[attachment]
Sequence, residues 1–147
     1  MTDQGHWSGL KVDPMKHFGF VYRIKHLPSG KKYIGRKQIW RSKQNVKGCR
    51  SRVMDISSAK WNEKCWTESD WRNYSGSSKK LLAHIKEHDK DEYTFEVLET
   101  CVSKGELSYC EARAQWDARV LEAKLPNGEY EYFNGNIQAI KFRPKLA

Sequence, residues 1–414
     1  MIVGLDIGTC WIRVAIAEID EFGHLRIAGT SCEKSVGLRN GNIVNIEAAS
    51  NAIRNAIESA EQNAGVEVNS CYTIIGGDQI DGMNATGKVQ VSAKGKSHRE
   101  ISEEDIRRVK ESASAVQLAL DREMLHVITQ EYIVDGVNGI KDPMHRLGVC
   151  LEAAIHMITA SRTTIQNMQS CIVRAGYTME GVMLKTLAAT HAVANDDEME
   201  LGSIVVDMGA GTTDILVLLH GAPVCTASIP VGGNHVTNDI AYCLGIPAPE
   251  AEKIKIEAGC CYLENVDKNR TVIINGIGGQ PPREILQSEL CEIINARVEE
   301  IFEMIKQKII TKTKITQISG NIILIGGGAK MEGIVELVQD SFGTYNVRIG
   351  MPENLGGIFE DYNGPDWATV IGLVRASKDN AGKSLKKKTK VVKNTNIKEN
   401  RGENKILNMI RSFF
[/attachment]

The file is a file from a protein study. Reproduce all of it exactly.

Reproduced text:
Sequence, residues 1–147
     1  MTDQGHWSGL KVDPMKHFGF VYRIKHLPSG KKYIGRKQIW RSKQNVKGCR
    51  SRVMDISSAK WNEKCWTESD WRNYSGSSKK LLAHIKEHDK DEYTFEVLET
   101  CVSKGELSYC EARAQWDARV LEAKLPNGEY EYFNGNIQAI KFRPKLA

Sequence, residues 1–414
     1  MIVGLDIGTC WIRVAIAEID EFGHLRIAGT SCEKSVGLRN GNIVNIEAAS
    51  NAIRNAIESA EQNAGVEVNS CYTIIGGDQI DGMNATGKVQ VSAKGKSHRE
   101  ISEEDIRRVK ESASAVQLAL DREMLHVITQ EYIVDGVNGI KDPMHRLGVC
   151  LEAAIHMITA SRTTIQNMQS CIVRAGYTME GVMLKTLAAT HAVANDDEME
   201  LGSIVVDMGA GTTDILVLLH GAPVCTASIP VGGNHVTNDI AYCLGIPAPE
   251  AEKIKIEAGC CYLENVDKNR TVIINGIGGQ PPREILQSEL CEIINARVEE
   301  IFEMIKQKII TKTKITQISG NIILIGGGAK MEGIVELVQD SFGTYNVRIG
   351  MPENLGGIFE DYNGPDWATV IGLVRASKDN AGKSLKKKTK VVKNTNIKEN
   401  RGENKILNMI RSFF